This is, to be sure, a difficult argument to win: a husband proposing non-monogamy to his wife on the grounds that it is in the best interest of a new baby would have a tough time prevailing in the court of public opinion. But while most gay-marriage advocates stop short of championing Savage’s “wiggle room,” some experts say that gay men are better at talking more openly about sex. Naveen Jonathan, a family therapist and a professor at Chapman University, in California, says he sees many gay partners hammer out an elaborate who-can-do-what-when sexual contract, one that says, “These are the times and the situations where it’s okay to be non-monogamous, and these are the times and the situations where it is not.” While some straight couples have deals of their own, he finds that for the most part, they simply presume monogamy. A possible downside of this assumption: straight couples are far less likely than gay men to frankly and routinely discuss sex, desire, and the challenges of sexual commitment.
Other experts question the idea that most gay males share a preference for non-monogamous relationships, or will in the long term. Savage’s argument that non-monogamy is a safety valve is “very interesting, but it really is no more than a claim,” says Justin Garcia, an evolutionary biologist at the Kinsey Institute for Research in Sex, Gender, and Reproduction. Garcia points out that not all men are relentlessly sexual beings, and not all men want an open relationship. “In some ways, same-sex couples are healthier—they tend to have these negotiations more,” he says. But negotiating can be stressful: in many cases, Garcia notes, one gay partner would prefer to be monogamous, but gives in to the other partner.
So which version will prevail: non-monogamous marriage, or marriage as we conventionally understand it? It’s worth pointing out that in the U.S., same-sex unions are slightly more likely between women, and non-monogamy is not a cause women tend to champion. And some evidence suggests that getting married changes behavior: William Eskridge and Darren Spedale found that in the years after Norway, Sweden, and Denmark instituted registered partnerships, many same-sex couples reported placing a greater emphasis on monogamy, while national rates of HIV infections declined.
Sex, then, may be one area where the institution of marriage pushes back against norms that have been embraced by many gay couples. Gary Hall of the National Cathedral allows that in many ways, gay relationships offer a salutary “critique” of marriage, but argues that the marriage establishment will do some critiquing back. He says he would not marry two people who intended to be non-monogamous, and believes that monogamy will be a “critical issue” in the dialogue between the gay community and the Church. Up until now, he says, progressive churches have embraced “the part of gay behavior that looks like straight behavior,” but at some point, churches also have to engage gay couples whose behavior doesn’t conform to monogamous ideals. He hopes that, in the course of this give-and-take, the church ends up reckoning with other ongoing cultural changes, from unmarried cohabitation to the increasing number of adults who choose to live as singles. “How do we speak credibly to people about their sexuality and their sexual relationships?” he asks. “We really need to rethink this.”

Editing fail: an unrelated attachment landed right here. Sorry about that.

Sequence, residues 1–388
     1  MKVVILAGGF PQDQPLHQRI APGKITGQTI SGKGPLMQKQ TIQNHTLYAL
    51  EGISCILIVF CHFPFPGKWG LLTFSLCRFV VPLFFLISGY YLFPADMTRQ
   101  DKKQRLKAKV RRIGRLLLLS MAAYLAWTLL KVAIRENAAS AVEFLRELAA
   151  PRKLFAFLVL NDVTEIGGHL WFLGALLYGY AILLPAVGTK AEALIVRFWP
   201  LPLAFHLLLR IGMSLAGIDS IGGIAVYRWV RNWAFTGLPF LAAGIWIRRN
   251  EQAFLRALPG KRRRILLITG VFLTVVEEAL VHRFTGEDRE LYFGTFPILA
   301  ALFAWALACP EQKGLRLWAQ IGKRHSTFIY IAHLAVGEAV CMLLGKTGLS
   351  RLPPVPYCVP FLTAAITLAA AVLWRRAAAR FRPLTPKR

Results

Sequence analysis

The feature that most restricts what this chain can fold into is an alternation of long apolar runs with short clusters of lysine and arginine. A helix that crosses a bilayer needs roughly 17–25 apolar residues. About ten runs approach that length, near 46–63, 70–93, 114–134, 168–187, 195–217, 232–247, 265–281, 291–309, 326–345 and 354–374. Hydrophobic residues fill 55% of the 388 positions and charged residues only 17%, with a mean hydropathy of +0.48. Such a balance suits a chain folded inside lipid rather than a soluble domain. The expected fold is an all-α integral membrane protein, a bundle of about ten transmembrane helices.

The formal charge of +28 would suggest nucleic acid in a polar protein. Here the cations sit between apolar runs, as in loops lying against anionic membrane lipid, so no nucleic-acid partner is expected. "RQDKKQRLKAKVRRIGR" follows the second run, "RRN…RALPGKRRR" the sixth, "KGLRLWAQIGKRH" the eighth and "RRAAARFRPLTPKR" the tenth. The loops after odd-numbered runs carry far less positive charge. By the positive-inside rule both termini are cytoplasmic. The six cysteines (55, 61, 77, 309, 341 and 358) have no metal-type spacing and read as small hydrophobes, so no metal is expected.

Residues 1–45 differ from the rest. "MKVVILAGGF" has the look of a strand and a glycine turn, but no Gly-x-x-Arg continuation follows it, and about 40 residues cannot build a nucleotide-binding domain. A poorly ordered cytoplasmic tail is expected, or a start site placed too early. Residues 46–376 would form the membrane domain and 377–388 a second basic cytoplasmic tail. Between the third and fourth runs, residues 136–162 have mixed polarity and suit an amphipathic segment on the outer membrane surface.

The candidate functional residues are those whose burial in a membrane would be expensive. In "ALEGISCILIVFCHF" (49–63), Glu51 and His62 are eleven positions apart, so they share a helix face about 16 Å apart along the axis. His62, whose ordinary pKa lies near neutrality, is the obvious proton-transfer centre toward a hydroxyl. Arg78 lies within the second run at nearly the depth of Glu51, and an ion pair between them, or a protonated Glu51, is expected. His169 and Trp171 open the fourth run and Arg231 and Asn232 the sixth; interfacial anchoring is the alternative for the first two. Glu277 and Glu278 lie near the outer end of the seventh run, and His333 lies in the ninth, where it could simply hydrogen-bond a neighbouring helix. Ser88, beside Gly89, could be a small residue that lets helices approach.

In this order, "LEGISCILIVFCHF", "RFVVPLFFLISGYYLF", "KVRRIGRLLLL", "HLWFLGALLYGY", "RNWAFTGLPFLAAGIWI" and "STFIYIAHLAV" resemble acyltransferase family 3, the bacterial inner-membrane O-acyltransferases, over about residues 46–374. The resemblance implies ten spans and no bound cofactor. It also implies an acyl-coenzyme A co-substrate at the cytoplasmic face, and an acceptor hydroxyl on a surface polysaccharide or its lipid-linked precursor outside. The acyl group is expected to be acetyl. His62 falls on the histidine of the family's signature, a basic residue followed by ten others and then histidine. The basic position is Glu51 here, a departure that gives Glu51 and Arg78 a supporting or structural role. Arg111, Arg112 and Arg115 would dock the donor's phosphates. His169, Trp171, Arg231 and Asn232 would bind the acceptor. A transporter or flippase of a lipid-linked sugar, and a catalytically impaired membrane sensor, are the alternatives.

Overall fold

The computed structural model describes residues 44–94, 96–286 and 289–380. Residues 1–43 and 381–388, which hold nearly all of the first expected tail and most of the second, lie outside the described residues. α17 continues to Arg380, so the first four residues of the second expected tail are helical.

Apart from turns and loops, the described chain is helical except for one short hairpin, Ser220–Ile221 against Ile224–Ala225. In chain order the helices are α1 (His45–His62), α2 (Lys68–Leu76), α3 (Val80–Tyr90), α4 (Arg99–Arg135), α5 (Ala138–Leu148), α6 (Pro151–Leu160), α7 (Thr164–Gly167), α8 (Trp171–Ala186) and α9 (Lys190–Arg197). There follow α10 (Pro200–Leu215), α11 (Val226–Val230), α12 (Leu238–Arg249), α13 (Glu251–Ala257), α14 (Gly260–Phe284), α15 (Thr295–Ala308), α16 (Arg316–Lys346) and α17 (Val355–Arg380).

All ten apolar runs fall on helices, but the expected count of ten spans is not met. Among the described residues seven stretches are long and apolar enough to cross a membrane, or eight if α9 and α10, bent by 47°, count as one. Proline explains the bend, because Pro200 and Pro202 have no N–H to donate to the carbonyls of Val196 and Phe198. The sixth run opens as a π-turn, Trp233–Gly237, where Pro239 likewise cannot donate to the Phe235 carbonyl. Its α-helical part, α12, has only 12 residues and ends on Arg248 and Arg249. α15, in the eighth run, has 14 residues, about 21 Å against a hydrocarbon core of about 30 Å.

So yes, marriage will change. Or rather, it will change again. The fact is, there is no such thing as traditional marriage. In various places and at various points in human history, marriage has been a means by which young children were betrothed, uniting royal houses and sealing alliances between nations. In the Bible, it was a union that sometimes took place between a man and his dead brother’s widow, or between one man and several wives. It has been a vehicle for the orderly transfer of property from one generation of males to the next; the test by which children were deemed legitimate or bastard; a privilege not available to black Americans; something parents arranged for their adult children; a contract under which women, legally, ceased to exist. Well into the 19th century, the British common-law concept of “unity of person” meant a woman became her husband when she married, giving up her legal standing and the right to own property or control her own wages.
Many of these strictures have already loosened. Child marriage is today seen by most people as the human-rights violation that it is. The Married Women’s Property Acts guaranteed that a woman could get married and remain a legally recognized human being. The Supreme Court’s decision in Loving v. Virginia did away with state bans on interracial marriage. By making it easier to dissolve marriage, no-fault divorce helped ensure that unions need not be lifelong. The recent surge in single parenthood, combined with an aging population, has unyoked marriage and child-rearing. History shows that marriage evolves over time. We have every reason to believe that same-sex marriage will contribute to its continued evolution.
The argument that gays and lesbians are social pioneers and bellwethers has been made before. Back in 1992, the British sociologist Anthony Giddens suggested that gays and lesbians were a harbinger of a new kind of union, one subject to constant renegotiation and expected to last only as long as both partners were happy with it. Now that these so-called harbingers are looking to commit to more-binding relationships, we will have the “counterfactual” that Gary Gates talks about: we will be better able to tell which marital stresses and pleasures are due to gender, and which are not.
In the end, it could turn out that same-sex marriage isn’t all that different from straight marriage. If gay and lesbian marriages are in the long run as quarrelsome, tedious, and unbearable; as satisfying, joyous, and loving as other marriages, we’ll know that a certain amount of strife is not the fault of the alleged war between men and women, but just an inevitable thing that happens when two human beings are doing the best they can to find a way to live together.